Switch to Desktop Site
 
 

Silver-tongued vs. eloquent: Do voters know the difference?

Speaking ability is an important trait. Judge it wisely.

About these ads

With Super Tuesday upon us, and its blizzard of last-minute candidate speech making, it's time to finally face the question: What importance do voters actually place on a politician's oratorical skill? This essential quality, about which Americans are deeply conflicted and in denial, has rightly surged to center stage in this year's Democratic primary race.

There are two main reasons for this. First, the meteoric rise of Barack Obama is largely attributable to a single speech he delivered four years ago at the national party convention in Boston. There may be no other American political figure whose career has been so profoundly enhanced by one instance of oratory.

Second, Hillary Rodham Clinton has taken pains to undercut Senator Obama by accusing him of dazzling voters with fancy rhetorical flourishes. "Words are not action," Senator Clinton asserted in the final New Hampshire debate. "As beautifully presented and passionately felt as they are, they are not action."

Admittedly, Clinton's remarks were mostly a tactical ploy (her husband was often similarly accused, and for similar reasons). Nonetheless, she has inadvertently highlighted our troubled attitude concerning the value of political public speaking.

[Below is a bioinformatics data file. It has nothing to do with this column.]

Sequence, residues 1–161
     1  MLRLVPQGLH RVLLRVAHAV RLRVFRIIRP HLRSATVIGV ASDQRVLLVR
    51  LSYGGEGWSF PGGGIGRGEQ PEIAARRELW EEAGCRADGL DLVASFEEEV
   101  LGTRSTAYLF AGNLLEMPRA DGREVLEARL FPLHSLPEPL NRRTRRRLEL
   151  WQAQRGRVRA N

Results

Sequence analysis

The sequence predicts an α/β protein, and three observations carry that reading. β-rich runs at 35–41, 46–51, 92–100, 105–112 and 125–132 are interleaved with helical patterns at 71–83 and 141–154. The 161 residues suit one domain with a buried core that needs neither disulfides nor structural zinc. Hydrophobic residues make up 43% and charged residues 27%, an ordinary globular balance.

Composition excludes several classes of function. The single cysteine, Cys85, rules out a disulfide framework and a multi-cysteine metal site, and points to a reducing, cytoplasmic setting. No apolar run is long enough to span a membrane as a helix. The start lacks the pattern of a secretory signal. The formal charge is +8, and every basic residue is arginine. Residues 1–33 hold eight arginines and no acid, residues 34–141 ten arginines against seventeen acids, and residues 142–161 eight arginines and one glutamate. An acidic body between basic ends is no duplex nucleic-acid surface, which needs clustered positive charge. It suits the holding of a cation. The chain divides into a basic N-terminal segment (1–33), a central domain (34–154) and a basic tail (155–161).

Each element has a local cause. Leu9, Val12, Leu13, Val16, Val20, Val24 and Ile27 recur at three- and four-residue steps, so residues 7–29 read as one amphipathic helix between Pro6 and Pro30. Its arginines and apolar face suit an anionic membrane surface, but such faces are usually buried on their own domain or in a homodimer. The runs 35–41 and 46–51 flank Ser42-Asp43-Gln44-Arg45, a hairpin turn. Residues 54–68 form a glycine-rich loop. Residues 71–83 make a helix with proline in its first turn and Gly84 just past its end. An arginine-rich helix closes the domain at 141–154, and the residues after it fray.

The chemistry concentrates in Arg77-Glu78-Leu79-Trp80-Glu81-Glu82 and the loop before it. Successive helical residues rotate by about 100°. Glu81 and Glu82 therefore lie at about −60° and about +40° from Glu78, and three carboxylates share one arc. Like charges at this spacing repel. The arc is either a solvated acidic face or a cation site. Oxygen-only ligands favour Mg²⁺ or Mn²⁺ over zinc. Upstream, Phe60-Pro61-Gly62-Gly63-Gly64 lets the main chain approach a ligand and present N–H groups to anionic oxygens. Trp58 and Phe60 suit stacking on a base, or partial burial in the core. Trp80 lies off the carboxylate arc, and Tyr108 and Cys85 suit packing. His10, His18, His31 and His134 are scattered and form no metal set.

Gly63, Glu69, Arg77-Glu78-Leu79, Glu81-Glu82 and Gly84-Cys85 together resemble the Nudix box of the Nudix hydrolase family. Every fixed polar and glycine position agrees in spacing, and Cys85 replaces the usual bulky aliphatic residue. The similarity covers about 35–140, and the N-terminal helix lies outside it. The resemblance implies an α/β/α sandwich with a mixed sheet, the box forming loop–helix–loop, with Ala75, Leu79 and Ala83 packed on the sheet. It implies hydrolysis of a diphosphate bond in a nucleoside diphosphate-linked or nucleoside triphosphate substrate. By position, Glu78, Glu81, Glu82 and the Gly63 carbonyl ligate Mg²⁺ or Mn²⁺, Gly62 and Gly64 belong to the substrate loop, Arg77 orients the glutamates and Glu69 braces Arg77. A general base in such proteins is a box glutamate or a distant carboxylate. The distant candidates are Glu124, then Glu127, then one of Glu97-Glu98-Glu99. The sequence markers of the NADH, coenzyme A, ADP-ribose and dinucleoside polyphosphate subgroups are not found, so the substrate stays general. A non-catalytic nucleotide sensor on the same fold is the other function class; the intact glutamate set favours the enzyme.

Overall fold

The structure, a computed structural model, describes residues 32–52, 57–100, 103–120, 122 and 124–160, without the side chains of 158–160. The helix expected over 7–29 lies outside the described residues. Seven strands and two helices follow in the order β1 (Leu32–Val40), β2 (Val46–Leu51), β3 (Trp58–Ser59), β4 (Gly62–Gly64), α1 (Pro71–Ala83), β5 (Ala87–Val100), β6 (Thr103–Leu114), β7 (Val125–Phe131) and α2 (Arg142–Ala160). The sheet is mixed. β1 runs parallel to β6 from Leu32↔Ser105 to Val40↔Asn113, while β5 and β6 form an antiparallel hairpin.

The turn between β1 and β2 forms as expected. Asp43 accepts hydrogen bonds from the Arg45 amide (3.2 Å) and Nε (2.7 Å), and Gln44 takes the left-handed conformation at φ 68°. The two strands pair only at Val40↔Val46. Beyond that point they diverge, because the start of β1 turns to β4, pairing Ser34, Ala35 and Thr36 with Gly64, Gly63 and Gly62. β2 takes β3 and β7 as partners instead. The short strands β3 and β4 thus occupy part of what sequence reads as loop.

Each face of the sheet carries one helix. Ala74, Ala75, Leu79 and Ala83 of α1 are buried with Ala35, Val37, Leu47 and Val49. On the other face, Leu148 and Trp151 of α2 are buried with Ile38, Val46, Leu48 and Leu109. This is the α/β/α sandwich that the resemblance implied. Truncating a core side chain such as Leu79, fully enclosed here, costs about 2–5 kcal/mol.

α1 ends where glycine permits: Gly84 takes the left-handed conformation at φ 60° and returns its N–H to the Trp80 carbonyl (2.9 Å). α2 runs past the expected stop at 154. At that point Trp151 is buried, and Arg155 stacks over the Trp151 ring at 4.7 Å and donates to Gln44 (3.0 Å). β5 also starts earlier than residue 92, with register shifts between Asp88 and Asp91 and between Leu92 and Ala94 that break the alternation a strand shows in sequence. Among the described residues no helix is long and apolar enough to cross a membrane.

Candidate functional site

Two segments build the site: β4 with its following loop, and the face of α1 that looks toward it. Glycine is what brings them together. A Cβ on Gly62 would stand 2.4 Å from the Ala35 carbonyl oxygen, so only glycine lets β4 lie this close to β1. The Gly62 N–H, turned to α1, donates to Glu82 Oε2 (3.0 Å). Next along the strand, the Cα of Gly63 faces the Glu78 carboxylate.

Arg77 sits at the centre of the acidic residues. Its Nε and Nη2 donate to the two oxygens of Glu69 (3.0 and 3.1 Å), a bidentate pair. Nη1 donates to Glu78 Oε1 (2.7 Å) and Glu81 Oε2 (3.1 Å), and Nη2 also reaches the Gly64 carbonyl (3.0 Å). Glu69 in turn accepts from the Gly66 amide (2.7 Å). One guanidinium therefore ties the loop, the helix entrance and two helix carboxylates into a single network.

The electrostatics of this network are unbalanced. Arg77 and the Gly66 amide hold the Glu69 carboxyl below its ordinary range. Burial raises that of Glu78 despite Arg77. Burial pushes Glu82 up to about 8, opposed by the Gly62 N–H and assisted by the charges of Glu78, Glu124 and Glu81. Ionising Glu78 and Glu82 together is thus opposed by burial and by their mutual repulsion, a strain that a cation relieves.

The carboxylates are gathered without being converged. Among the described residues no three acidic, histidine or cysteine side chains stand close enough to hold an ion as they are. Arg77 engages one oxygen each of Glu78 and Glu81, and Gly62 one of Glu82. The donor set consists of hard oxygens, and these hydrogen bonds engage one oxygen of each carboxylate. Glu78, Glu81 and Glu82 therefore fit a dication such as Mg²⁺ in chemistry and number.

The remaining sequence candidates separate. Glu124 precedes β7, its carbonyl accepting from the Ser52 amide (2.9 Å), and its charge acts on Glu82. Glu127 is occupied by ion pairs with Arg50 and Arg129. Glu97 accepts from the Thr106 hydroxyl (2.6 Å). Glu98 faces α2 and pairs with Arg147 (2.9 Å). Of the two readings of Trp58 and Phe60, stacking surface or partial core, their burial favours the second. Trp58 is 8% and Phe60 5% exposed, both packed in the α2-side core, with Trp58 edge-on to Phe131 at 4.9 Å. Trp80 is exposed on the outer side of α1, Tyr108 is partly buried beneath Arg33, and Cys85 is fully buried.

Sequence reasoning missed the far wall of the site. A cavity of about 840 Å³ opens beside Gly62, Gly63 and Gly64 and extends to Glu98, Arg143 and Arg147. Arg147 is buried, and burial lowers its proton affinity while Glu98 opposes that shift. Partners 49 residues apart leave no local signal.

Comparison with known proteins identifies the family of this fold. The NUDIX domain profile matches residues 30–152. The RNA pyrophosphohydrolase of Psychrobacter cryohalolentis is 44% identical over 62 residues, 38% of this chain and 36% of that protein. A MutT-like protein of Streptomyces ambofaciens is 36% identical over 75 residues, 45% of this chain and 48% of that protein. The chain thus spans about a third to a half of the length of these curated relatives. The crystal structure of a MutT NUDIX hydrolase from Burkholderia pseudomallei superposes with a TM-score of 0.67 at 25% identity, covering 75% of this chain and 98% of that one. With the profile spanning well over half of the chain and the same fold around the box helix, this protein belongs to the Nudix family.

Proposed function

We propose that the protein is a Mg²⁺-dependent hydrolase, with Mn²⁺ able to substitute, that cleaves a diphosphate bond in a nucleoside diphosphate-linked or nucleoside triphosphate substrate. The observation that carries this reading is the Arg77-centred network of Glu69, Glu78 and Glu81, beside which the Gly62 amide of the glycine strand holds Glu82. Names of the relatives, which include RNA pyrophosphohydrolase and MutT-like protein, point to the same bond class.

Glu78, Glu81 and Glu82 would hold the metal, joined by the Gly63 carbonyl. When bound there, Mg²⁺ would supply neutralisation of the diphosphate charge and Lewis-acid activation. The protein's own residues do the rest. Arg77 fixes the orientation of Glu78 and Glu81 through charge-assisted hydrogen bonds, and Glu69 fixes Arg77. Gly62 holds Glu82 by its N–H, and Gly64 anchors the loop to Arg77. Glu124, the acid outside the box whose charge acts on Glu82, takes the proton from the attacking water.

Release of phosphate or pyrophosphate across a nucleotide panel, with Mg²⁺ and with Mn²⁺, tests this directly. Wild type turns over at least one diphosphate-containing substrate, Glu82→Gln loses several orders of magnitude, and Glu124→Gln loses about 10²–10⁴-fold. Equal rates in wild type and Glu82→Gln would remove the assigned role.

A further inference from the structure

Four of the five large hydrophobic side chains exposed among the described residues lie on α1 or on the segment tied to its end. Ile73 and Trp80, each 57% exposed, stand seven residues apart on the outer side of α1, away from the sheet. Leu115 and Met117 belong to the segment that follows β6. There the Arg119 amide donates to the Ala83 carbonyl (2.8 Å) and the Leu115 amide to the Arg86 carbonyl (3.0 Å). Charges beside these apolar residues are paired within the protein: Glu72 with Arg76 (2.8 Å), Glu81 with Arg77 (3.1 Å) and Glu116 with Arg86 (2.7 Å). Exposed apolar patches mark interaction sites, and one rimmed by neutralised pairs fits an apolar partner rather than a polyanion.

Americans believe that oratorical skill is a legitimate reflection of intellectual acuity and depth of character. Then again, we believe it also is merely a form of flimflam, a practiced slickness shrewdly employed by those wishing to distract us from substantive shortcomings.

The notion of the "good talker" has long vexed Americans. Eloquent and slick are often perceived as two sides of the same coin, and our history contains as many examples of being bamboozled by inspiring charlatans as being inspired by bona fide visionaries.

Yet most of us believe there's a correlation, and possibly a very strong one, between verbal skill and intellectual aptitude. On the other hand, most of us know good people who are not particularly good with words, and bright individuals who regularly stumble and stutter. Some may prefer straight talk, but "plain-spoken" remains a mark of praise mostly when it describes someone's integrity, not their speaking style.

Next

Page:   1   |   2


Follow Stories Like This
Get the Monitor stories you care about delivered to your inbox.

Share

Loading...